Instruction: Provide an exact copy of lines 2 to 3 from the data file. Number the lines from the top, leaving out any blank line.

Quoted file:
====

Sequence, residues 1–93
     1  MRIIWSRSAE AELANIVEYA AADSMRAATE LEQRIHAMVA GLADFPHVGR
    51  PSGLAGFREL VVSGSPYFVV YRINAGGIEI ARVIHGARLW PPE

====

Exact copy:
     1  MRIIWSRSAE AELANIVEYA AADSMRAATE LEQRIHAMVA GLADFPHVGR
    51  PSGLAGFREL VVSGSPYFVV YRINAGGIEI ARVIHGARLW PPE